Men at Work

The Arvada Center hosts complementary solos by Bryan Andrews and Joe Riché.

Colorado has never been much of a place for sculpture; the three-dimensional medium has always come in a distant second behind painting in the state's art history. Anyone interested in the art scene could readily reel off a long list of interesting painters -- scores of them, in fact -- but they might be stumped if asked to name ten noteworthy local sculptors. I have no idea why this is the case, just that it is.

Countering this century-old situation were a number of young Denver sculptors who emerged in the late 1990s and early 2000s. Most of these artists were independent and didn't even know one another, so there was no real school or movement happening. Even those few who had personal connections didn't, for the most part, have any aesthetic ones.

Among this group of young sculptors are Bryan Andrews and Joe Riché, good friends and studio mates whose respective work has nothing in common. Andrews refers to primitive art and early modernism in wooden sculptures; Riché creates environments in which he installs mechanized sculptures made of steel. Primitive versus mechanical, wood versus steel, stillness versus movement. See what I mean? Their sensibilities are all but antithetical to one another.

Detail of "Heads," by Bryan Andrews, wood.
Collin Parson
Detail of "Heads," by Bryan Andrews, wood.
"Riché's Homage to Banson's Homage to Tinguely's 
Homage to Duchamp," by Joe Riché, mixed materials.
Collin Parson
"Riché's Homage to Banson's Homage to Tinguely's Homage to Duchamp," by Joe Riché, mixed materials.

Details

Through March 31, Arvada Center for the Performing Arts, 6901 Wadsworth Boulevard, 720-898-7200

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In the center's entry space and in two other galleries is Auditioning Gods, featuring very recent pieces by Andrews. In the soaring atrium and in another gallery is Riché's the good times are killing me. Finally, in two small galleries at the back is a display devoted to the Motoman Project, a performance troupe founded by Riché and others, of which Andrews is a member.

"I've been looking at these guys for years," says Jerry Gilmore, curator and director of the exhibition program at the Arvada Center, who organized the shows. He came to know Riché and Andrews when they helped erect the monumental Charles Parson show a couple of seasons ago.

Andrews and Riché both created bodies of new works especially for these shows, and both say that these solos are the most important exhibitions either of them has ever done. They're right about that: The spare arrangement of the objects in the shows is masterful, even in the cavernous Lower Galleries, which can sometimes seem too big.

The first thing on display when visitors enter the Lower Galleries is Andrews's work. Inside, the lights are dim, and directed spots exaggerate the minimal details of the Andrews sculptures, lending them a dramatic quality and giving the space a temple-like aura. This sacred mood is no accident: Andrews has long been interested in exploring spirituality through the creation of devotional objects related to a pseudo-religion he developed. He handles this odd task in both a deadly serious way and with a tongue-in-cheek attitude. These fantasy objects of veneration have animistic roots and relate to primitive belief systems found around the world, from Oceania to Scandinavia. The show's title, Auditioning Gods, gives away the theme and is meant to refer to the quest for moral guidance that so many are on now.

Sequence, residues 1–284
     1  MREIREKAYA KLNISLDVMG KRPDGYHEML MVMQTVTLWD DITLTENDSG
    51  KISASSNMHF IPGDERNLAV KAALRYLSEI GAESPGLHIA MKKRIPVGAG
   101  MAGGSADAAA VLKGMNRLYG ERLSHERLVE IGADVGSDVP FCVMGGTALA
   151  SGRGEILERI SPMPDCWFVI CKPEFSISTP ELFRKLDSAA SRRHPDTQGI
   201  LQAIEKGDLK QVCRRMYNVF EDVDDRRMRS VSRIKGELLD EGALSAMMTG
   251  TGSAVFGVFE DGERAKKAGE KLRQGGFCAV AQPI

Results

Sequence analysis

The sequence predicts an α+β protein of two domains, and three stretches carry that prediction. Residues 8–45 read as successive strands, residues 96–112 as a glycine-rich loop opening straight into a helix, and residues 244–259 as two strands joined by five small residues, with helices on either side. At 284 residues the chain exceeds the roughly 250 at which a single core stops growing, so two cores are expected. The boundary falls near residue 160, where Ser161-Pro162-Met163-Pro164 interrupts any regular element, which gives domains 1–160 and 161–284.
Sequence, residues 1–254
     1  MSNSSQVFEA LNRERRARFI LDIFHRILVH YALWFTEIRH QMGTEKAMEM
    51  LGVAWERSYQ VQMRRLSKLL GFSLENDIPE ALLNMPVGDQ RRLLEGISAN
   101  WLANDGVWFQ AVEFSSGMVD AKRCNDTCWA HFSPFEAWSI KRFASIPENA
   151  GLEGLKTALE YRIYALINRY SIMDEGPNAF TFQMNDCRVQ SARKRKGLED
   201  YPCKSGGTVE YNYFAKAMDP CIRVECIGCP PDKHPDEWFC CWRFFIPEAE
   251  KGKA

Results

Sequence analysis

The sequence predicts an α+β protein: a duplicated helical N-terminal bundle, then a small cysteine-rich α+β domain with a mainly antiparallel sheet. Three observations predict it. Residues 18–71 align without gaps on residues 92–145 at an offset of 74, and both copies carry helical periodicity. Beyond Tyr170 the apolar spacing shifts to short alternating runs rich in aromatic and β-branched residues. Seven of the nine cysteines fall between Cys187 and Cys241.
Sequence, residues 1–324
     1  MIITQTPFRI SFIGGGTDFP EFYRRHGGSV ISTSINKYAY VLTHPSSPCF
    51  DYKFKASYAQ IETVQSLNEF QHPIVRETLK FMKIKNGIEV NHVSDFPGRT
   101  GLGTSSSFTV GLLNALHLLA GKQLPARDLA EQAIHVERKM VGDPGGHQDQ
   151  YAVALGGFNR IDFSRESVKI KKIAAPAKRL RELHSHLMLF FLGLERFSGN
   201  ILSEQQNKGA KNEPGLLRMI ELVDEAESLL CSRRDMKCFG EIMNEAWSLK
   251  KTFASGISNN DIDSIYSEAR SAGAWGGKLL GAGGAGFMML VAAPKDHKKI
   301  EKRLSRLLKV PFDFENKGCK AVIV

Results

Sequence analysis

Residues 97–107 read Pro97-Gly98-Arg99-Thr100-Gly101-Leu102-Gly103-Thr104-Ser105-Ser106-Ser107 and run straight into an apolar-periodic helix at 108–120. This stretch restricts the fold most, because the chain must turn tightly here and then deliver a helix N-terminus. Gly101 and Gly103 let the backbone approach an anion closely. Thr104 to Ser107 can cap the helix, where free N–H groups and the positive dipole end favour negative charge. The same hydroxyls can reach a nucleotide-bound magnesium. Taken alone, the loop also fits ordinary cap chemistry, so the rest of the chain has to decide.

One of the objects Andrews has developed is what he calls a "fetem" -- a conjunction of the words 'fetish' and 'totem' -- and like everything else about the ersatz faith, the word is something the artist simply made up. Most of the pieces in Auditioning Gods may be called fetems, but they are markedly different from his previous efforts. They are much less abstract -- though still quite abstracted -- and more literally representational than before. They are constructed, not carved. And Andrews dropped his signature blue color, leaving all the new pieces in the subtle natural colors of the wood.

Andrews's use of a particular shade of blue was steeped in meaning for him, because it was the color of his deceased grandfather's eyes and also his own. The blue, used very sparingly, not only served to accent the mostly brown pieces, but also created a narrative component. The sculptures in Auditioning Gods are very good as they are, but I do miss that gorgeous blue and hope that he'll bring it back in the future.

On the right side of the gallery are "Heads," four monumental heads carved from found beams. They are somewhat reminiscent of Easter Island heads, but they're so loose that they also refer to Brancusi's completely abstract carvings of the early twentieth century. In front is "Earth Beasts," a pair of four-legged animals in silhouette that reference African art. Behind and to the left is "Fetem," a totemic depiction of a moose that is hands-down the best piece in the show and the one closest to his classic approach. (Even though he gave only the moose sculpture the official fetem designation, Andrews says that all of the three-dimensional pieces in the show are fetems.)

Crossing diagonally through the Lower Galleries, visitors will come upon the next two spaces devoted to Auditioning Gods. In the first are painted wooden panels called "City Goblins." These drawings, in two different sizes, lay out some of the iconography of Andrews's imaginary religion. Lyrical and childlike simple line drawings convey skulls, antlers, trees, leaves and mouths. A lot of the show has a Scandinavian slant, but none more so than these decorative panels.

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